How to be OK this Christmas

A call to stillness and bravery

I write a weekly email called “How to be OK”. As a counsellor, that’s what people come to see me for. We all just want to feel like we’re coping, managing life, work, raising our kids, living in ways that are true to our values, speaking up about injustice. If we’re really honest, we want others to think we’re doing all that really well too. So it can be inconvenient to “feel”. But feelings are all around us at this time of year.

Contrary to what we’d like to believe, that we control our feelings from our heads, we experience and regulate emotions in our bodies. E-motion – energy in motion – big and explosive, urgent and heavy, tight in our chest. Feeling drains from our legs, our faces constrict and water falls from our eyes when we’re sad. A headache rises from the base of our skull when we’re overwhelmed, electrical pulses innervate our being as we’re swept up in joy. A flare of anger leaves us breathless, shaking, hot. My mother used to say, “That makes my blood run cold.” We refer to “butterflies in our stomach” or describe the feeling of a harsh word as “a punch in the guts”.

To take it further, what does being peaceful feel like? How do you know you’re anxious or angry or happy? Hungry or tired? Perhaps even really tired at this time of year. How do you know? Where do you feel it in your body?

Big emotions can be felt safely when we understand how our nervous system is working for us.

These can be difficult questions to answer as we don’t spend a lot of time thinking about our nervous system or what it is to be a body. We can be judgey about our emotions and find it easier to numb or simply ignore them. We don’t really know what to do when people tell us they’re not OK. There’s no handed-down manual for how to communicate openly and be present in one another’s suffering. And we often don’t feel entitled to big feelings when other people “have it so much worse”.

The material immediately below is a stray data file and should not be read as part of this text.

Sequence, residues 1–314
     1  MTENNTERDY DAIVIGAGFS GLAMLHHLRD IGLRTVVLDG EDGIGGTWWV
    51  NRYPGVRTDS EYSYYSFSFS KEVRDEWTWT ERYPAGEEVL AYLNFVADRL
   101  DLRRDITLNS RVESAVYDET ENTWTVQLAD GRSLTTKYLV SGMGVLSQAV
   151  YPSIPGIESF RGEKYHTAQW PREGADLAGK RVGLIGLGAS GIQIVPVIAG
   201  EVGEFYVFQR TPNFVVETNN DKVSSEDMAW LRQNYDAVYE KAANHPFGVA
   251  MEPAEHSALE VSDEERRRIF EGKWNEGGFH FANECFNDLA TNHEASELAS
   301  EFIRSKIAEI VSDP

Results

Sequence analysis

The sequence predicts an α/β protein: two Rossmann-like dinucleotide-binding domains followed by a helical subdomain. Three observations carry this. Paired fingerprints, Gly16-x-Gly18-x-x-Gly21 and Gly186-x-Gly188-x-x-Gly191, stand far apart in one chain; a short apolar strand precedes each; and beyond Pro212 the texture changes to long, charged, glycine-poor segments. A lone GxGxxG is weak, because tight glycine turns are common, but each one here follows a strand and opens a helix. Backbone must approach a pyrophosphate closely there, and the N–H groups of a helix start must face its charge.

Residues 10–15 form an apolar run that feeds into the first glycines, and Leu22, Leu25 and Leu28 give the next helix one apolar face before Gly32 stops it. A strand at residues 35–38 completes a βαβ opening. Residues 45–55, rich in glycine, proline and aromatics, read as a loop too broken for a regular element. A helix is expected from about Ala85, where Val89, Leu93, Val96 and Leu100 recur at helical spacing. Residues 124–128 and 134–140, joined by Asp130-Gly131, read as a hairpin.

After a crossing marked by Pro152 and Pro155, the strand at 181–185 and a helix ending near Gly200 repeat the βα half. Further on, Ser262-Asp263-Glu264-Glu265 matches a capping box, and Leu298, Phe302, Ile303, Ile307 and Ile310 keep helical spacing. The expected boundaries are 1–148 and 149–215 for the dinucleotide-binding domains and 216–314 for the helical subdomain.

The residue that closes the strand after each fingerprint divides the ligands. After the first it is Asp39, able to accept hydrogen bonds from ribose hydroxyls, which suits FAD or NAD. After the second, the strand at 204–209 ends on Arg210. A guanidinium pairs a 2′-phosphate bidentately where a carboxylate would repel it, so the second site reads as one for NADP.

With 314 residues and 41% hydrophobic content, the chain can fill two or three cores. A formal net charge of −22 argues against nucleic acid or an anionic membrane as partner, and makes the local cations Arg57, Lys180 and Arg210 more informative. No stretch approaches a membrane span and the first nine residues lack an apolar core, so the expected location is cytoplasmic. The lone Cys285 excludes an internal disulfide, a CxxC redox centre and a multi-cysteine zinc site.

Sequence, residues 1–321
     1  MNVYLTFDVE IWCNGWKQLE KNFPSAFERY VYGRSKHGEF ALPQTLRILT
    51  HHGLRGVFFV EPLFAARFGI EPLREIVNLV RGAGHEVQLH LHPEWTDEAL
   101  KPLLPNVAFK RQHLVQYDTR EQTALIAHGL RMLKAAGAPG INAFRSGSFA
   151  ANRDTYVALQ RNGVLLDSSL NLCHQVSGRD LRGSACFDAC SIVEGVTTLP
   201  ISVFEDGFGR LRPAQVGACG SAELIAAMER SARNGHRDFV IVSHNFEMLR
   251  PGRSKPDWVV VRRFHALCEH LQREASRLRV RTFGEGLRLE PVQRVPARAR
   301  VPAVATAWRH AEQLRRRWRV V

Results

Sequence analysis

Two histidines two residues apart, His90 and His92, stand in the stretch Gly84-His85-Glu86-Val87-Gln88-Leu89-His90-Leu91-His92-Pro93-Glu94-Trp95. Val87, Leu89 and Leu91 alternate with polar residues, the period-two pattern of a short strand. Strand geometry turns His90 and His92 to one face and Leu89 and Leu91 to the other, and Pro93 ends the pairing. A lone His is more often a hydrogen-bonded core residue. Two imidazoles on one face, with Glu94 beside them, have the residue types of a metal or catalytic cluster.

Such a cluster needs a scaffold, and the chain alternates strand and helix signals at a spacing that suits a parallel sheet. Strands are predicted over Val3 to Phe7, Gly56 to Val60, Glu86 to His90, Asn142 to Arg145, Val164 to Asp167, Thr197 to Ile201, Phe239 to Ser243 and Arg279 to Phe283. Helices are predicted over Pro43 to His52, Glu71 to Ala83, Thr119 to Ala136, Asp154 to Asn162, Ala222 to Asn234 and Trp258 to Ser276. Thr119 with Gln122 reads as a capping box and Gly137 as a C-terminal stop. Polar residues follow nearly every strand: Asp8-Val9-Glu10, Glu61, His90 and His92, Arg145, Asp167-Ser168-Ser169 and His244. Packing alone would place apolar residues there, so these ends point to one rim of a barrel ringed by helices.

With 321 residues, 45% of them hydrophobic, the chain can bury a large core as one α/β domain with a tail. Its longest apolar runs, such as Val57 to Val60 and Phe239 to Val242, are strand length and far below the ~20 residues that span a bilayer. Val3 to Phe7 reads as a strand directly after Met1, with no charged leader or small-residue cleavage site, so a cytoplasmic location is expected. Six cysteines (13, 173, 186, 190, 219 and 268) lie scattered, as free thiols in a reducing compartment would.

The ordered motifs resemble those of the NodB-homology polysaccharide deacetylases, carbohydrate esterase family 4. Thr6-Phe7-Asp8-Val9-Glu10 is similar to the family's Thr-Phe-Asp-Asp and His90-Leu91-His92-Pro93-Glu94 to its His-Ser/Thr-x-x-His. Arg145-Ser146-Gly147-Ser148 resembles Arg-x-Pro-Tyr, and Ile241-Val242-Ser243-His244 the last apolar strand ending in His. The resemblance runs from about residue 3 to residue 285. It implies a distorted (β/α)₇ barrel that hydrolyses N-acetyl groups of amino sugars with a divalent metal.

And so we bypass. We deflect. We say it’ll be OK, all will be well. This may be true, but we need to feel it to heal it, whatever “it” is and however “it” is showing up in your body.

What we underestimate though, is that as hard and uncomfortable as it is to feel our feelings, we can actually enlarge our capacity to feel. Our instinct is to squash them down, but big emotions can be felt safely when we understand how our nervous system is working for us. Alerting us to the way it shifts and morphs to accommodate our emotions, adapting to stress, then bringing us back to being grounded and our baseline state of engaged and social, creative and calm.

We can even learn to feel joy and pain, sadness and peace, anxiety and hope. We can carry them all, listening to and acknowledging each feeling. Watching them come and go like leaves on a stream, even if the currents are stronger than we’d like at times.

As with any big emotion, it helps to think small when we feel these things.

The pressure of seasons like Christmas – times that are supposed be reflective, family-oriented, happy and Hallmark-nostalgic – can feel unbearable for some of us.

Right now, so many of my clients are experiencing their firsts. The first Christmas alone, strapped for cash after losing a job but aching to make the tree beautiful, the table generous. The first summer without the kids at home. The first time being with family after a significant event has changed everything. It can be painful and cause us to function on high alert.

Of course, those of us sensitive to human suffering, those holding people they don’t know in prayer or solidarity, are also carrying the weight of global tragedy, violence, existential angst and the constant hum of uncertainty. We wonder where it will end. Bearing witness to the pain of the world is a grief all of its own and can leave us feeling powerless and overwhelmed, but emotional agility allows us to hold many emotions in tension. I find myself saying, “I won’t look away, though it’s costly.”